The interlayer distance of the clay mineral measured 38.2 Å. This shows that adding the organized clay mineral into the solution containing the guest molecule contributed to expand the interlayer distance.

EXAMPLE 10

In this example, the composite clay material was produced in the same manner as the Example 9 except that the mixture ratio of the Yumex 1010 as the guest molecule was changed.

The interlayer distance of the montmorillonite as the clay mineral was measured. The measurement results are shown in Table 6.

Table 6 shows that the interlayer distance of the montmorillonite expands with the increase in the mixture ratio of the Yumex 1010.

When using the guest molecule having the polar group and softening point higher than a room temperature, adding a large amount of them at the temperature higher than the softening point allows the clay mineral to expand the interlayer distance.

COMPARATIVE EXAMPLE 2

In this comparative example, the composite clay material was produced in the same manner as the Example 1 except that butyl ammonium ion (carbon number: 4) was used as the organic onium ion and stearyl alcohol (carbon number: 18) was used as the main guest molecule. The mixture ratio of the main guest molecule to 1 g of the organized clay mineral 1 was 10 g.

The interlayer distance of the clay mineral measured 13.8 Å. The carbon number 4 of the butyl ammonium ion as the organic onium ion was too small to expand the interlayer distance.

COMPARATIVE EXAMPLE 3

In this example, the composite clay material was produced in the same manner as the Example 1 except that mica was used as the clay mineral and octadecan (carbon number: 18) was used as the main guest molecule. The mixture ratio of the main guest to 1 g of the organized clay mineral was 10 g.

The interlayer distance of the clay mineral measured 33.2 Å. The octadecan as the main guest molecule is a non-polymer having no functional group at the end, which is incompatible with the hydrophilic clay mineral. The octadecan was, thus, eliminated from the clay layer surface, failing to expand the interlayer distance of the clay mineral.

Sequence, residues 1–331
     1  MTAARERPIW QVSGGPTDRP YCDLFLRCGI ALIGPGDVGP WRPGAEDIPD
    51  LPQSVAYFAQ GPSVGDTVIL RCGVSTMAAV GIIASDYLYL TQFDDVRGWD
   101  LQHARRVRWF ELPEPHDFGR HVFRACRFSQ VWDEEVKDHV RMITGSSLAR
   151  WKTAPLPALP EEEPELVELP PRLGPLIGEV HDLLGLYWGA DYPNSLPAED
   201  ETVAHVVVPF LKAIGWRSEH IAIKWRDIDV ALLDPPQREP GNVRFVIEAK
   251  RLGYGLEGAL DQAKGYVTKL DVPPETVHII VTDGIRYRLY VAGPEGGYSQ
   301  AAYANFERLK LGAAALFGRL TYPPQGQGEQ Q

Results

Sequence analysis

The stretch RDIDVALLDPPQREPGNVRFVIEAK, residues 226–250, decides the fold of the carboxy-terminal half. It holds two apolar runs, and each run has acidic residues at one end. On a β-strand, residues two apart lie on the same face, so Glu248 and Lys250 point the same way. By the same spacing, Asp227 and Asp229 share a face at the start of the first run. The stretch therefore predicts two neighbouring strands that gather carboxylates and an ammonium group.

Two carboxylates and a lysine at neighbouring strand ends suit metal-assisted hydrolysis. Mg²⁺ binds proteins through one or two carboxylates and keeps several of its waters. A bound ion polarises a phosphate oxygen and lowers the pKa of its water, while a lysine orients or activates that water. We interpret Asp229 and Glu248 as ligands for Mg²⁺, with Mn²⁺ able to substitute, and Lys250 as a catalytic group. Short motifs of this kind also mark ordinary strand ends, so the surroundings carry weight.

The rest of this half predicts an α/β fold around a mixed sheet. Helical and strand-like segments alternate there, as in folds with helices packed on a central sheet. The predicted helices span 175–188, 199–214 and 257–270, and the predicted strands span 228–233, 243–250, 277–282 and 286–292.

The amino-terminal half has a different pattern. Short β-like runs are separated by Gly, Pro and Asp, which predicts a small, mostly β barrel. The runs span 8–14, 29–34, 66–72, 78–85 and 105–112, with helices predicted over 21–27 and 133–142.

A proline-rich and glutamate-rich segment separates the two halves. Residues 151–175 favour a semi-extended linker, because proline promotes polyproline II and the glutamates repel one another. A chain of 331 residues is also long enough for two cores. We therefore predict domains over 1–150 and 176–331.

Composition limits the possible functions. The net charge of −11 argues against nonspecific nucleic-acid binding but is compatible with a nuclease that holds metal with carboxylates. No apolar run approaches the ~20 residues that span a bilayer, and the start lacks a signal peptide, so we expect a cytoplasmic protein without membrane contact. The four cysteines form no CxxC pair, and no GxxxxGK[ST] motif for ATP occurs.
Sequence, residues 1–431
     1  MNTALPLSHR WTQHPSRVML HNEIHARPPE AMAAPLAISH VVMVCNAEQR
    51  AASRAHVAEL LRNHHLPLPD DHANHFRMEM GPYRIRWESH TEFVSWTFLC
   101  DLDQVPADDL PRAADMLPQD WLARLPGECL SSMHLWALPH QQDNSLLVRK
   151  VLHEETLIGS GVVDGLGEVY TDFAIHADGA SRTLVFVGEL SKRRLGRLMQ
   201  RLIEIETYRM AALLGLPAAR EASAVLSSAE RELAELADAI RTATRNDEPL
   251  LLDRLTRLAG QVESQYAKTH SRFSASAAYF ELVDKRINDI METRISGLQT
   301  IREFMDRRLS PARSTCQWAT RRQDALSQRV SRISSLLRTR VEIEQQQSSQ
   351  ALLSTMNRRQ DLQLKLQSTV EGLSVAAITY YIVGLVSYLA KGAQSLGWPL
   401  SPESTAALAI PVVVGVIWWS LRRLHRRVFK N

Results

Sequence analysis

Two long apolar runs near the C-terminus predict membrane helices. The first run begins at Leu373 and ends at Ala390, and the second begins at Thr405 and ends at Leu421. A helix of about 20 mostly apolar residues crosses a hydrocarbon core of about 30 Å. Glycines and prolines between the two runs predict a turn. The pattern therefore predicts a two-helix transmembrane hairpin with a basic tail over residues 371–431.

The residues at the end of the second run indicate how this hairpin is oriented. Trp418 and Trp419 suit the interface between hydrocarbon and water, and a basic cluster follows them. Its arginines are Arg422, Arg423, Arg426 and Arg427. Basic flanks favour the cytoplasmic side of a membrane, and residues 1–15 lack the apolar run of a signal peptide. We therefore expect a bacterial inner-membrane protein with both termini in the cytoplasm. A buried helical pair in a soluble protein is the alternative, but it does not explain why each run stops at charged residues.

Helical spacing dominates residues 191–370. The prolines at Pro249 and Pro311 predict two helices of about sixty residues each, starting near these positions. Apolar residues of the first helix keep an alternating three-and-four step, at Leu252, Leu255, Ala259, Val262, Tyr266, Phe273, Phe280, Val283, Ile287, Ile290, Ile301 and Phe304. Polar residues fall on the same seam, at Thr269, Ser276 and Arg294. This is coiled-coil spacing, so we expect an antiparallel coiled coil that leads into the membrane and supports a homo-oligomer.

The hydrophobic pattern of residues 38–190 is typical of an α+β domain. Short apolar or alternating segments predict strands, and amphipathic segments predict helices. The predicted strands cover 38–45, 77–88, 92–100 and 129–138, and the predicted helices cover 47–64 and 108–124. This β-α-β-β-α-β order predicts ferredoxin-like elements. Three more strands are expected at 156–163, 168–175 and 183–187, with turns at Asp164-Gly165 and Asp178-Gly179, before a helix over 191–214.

Table 5 shows each composition of the composite clay material in Examples 1, 4 to 9, and comparative examples 2 and 3, as well as the respective interlayer distance of the clay mineral.

                                  TABLE 5__________________________________________________________________________                             Mixture ratio of                                      Interlayer   Clay  the guest molecules distance of the  Organic onium ion mineral Guest molecule amount (*) clay mineral__________________________________________________________________________Example 1 distearyl dimethyl-           montomor-                 polyolefine with                             1        38.7   ammonium chloride illonite OH group at both ends(molecular weight: 3000)  Example 4 stearylammonium ion montmor- polyolefine with 1 35.6    illonite OH group at both ends(molecular weight: 3000)  Example 5 lauryl ammonium ion montmor- stearic acid 10 42.0    illonite  Example 6 distearyl dimethyl- mica polyolefine with 1 41.0   ammonium chloride  OH group at both ends(molecular weight: 3000)  Example 7 distearyl dimethyl- saponite polyolefine with 1 37.8   ammonium chloride  OH group at both ends(molecular weight: 3000)  Example 8 lauric acid ammonium montmor- polymer with epoxy group 1 48.0   ion illonite at both ends(melting point: 56-59° C.)  Example 9 stearylammonium ion montmor- polypropylene containing 1 38.2                                         illonite anhydrous carboxyli                                      cacid (molecular weight:30000; softening point:145° C.)  Comparative butylammonium ion montmor- stearyl alcohol 10 13.8  example 2  illonite  Comparative distearyl dimethyl- mica octadecane 10 33.2  example 3 ammonium chloride__________________________________________________________________________ Mixture ration on the guest molecule's amount : Mixture ratio of the guest molecule (g) to 1 g of the organized clay mineral

              TABLE 6______________________________________Mixture ratio of Yumex 1010/  montmorillonite organized Interlayer distance  with stearyl ammonium ion of montmorillonite  (g/g) (Å)______________________________________0(organized montmorillonite only)              21.5    0.25 24.4  1 38.2  3 72.3______________________________________